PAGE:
Stop being ignorant of some very real differences.Stop being ignorant of historical precedent.
North Korea may be setting a precedent for other rogue nations
RoK negotiators are looking at a five year deal and no more than 1Tn Won (currently 960Bn Won) a year:At their last meeting, in December, the United States made a “sudden, unacceptable” demand that South Korea pay more than 1.4 trillion won per year, about 1.5 times its current contribution, according to Hong Young-pyo, a senior ruling party legislator.
Foreign Minister Kang Kyung-wha briefed a group of lawmakers on the talks on Monday. Any deal is subject to parliamentary approval.
“The negotiations were deadlocked,” Hong told a meeting with lawmakers. “The U.S. side suddenly made a proposal at the last stage which was difficult for us to accept.”
When asked about the U.S. demand on Monday, Kang declined to specify numbers but said there was a “very big difference” in the positions between the two countries.
“We’ll work to reach an agreement that’s reasonable, affordable and explainable to the National Assembly and the people,” Kang told reporters.
Kang Seok-ho, another lawmaker who attended the foreign minister’s briefing, said the government’s stance was not to pay more than 1 trillion won a year and an agreement should be valid for five years, not one year as reportedly sought by the United States.
Given the number of people on this thread who've explained regime survival is exactly the reason DPRK pursued its nuclear weapons programme and would want to see concrete actions in response to any concessions, it's not exactly news they have no plans to unilaterally denuclearise.Did anyone seriously believe otherwise.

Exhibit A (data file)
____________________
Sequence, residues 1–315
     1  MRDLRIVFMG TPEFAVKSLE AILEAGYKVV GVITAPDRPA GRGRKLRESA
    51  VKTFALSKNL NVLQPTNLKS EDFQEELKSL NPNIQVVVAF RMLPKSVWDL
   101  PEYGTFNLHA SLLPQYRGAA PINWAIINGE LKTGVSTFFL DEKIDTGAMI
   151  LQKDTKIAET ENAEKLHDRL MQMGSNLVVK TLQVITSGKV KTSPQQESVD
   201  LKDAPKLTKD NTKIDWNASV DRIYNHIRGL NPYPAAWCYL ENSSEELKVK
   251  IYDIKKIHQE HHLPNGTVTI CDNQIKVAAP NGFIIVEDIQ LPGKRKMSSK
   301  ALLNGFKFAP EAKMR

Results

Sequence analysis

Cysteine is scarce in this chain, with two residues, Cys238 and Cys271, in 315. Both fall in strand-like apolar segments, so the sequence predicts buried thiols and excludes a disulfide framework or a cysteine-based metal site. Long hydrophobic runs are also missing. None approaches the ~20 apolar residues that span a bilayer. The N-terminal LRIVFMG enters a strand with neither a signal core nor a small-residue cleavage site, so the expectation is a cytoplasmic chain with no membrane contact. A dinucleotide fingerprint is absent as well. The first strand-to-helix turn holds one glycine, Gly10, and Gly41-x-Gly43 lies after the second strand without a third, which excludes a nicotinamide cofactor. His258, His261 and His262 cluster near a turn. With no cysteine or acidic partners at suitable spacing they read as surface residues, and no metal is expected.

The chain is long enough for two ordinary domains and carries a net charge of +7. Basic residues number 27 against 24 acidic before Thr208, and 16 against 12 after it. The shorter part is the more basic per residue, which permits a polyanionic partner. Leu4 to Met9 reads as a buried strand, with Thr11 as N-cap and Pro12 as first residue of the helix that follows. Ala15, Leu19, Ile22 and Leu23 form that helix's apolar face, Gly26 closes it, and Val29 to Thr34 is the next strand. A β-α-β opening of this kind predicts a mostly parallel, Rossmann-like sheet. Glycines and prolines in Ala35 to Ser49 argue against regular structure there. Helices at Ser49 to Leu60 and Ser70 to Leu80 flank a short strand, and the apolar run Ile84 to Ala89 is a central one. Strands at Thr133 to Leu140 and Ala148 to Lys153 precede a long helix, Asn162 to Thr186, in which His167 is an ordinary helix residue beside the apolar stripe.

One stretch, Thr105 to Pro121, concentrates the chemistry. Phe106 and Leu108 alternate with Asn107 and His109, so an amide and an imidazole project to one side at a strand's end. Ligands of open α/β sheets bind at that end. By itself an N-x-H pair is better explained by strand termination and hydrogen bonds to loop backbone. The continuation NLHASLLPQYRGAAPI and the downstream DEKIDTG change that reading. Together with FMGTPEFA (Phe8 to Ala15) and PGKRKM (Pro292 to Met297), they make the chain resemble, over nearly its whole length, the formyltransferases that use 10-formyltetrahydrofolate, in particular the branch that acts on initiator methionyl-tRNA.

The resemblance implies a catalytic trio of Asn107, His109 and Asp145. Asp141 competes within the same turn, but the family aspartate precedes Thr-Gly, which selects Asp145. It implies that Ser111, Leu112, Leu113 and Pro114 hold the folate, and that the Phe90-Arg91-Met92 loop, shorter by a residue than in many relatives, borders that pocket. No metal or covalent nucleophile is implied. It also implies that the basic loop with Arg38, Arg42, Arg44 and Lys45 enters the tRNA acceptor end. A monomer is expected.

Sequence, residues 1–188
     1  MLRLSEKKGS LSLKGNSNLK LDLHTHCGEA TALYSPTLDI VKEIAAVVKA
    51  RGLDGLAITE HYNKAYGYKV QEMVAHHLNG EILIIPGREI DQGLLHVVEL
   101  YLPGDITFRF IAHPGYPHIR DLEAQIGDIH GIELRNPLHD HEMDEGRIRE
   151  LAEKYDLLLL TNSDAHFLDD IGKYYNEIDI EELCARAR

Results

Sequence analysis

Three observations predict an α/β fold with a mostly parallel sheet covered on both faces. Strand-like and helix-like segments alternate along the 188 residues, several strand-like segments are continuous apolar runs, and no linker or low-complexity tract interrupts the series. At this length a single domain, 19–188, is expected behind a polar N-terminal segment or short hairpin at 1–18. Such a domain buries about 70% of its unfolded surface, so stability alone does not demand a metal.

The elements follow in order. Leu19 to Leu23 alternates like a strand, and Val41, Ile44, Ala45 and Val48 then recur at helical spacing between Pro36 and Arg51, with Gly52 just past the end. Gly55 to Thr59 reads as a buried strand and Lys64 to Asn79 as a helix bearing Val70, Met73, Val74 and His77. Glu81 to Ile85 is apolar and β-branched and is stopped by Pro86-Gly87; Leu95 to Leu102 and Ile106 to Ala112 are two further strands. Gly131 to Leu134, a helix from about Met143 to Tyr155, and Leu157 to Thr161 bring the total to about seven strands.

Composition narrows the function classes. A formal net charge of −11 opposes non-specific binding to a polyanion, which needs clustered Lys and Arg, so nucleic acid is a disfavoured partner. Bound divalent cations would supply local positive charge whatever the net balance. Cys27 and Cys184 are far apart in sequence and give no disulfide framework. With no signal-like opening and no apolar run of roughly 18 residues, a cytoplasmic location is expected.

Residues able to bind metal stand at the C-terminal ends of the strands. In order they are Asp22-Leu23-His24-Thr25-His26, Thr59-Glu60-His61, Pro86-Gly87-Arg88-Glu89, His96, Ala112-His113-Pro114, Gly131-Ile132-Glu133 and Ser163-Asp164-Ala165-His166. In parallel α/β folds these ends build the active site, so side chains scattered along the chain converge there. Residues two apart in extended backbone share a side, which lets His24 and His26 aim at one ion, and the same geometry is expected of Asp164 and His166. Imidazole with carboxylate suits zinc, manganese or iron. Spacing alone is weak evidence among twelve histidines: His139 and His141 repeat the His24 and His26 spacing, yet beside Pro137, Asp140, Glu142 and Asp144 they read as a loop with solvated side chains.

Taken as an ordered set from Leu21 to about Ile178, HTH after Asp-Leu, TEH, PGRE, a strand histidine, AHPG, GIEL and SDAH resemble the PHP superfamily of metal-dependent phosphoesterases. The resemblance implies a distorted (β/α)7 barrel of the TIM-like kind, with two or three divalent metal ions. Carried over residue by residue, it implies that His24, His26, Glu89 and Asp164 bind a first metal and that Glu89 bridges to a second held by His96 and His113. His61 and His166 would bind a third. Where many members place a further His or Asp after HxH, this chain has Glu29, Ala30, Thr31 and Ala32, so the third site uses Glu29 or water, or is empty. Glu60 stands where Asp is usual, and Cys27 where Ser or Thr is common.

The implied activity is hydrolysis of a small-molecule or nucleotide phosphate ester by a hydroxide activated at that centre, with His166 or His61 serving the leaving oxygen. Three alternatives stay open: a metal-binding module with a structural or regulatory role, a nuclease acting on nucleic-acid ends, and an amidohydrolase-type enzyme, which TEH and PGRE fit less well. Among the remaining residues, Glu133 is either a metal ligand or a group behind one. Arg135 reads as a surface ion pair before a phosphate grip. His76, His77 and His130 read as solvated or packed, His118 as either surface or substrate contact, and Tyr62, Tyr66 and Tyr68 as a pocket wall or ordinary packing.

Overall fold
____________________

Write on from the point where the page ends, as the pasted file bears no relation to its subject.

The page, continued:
NORTH KOREA WARNING: Kim Jong-un will NOT give up nuclear weapons - shock report
...well I suppose there were one or two.
However, it said Kim conditioned progress on "practical actions" by the United States and added that Pyongyang had in the past tied the idea of denuclearisation to changes in diplomatic ties, economic sanctions, and military activities.
Summit details are supposed to be announced soon. An American official is presently on his way to North Korea to arrange the agenda.The United States and North Korea are finalizing plans for another peace summit between Donald Trump and Kim Jong-un, ...
The meeting will reportedly take place in Da Nang, Vietnam in late February.Stephen Biegun, Trump's special envoy, is on his way to North Korea today to hammer out the agenda. The president is expected to announce the summit details during his State of the Union address to Congress this evening.
The story also includes a re-hash of recent North Korean nuclear developments. There doesn't appear to be anything new there hasn't already been discussed on this thread so I have left that aspect out of this post. That though may be worth reading for those who want an up to date summary on that issue.(Numerous media reports suggest that it will take place in Da Nang, Vietnam, in late February.)
A South Korean national security advisor said that the US-North Korean diplomacy efforts are "working well".The United States and North Korea will meet again this month in an unidentified Asian country ahead of their leaders' planned second summit in Vietnam in late February, South Korean officials said Sunday.
The U.S. special representative for North Korea, Stephen Biegun, visited Pyongyang last week to work out details of the Feb. 27-28 summit in Hanoi between President Donald Trump and North Korean leader Kim Jong-un.
South Korea's national security adviser Chung Eui-yong, who met Biegun, reported that U.S.-North Korea diplomacy "is working well," presidential spokesperson Kim Eui-kyeom said. He said a follow-up U.S.-North Korea meeting ahead of the summit will take place in a third country in Asia in the week that begins Feb. 17.
It sounds like Kim may also be engaging in meetings with the Vietnamese government while he is there as well.North Korean leader Kim Jong-un set off by train for Vietnam on Saturday, for his second summit with U.S. President Donald Trump scheduled for next week, Russia's TASS news agency reported.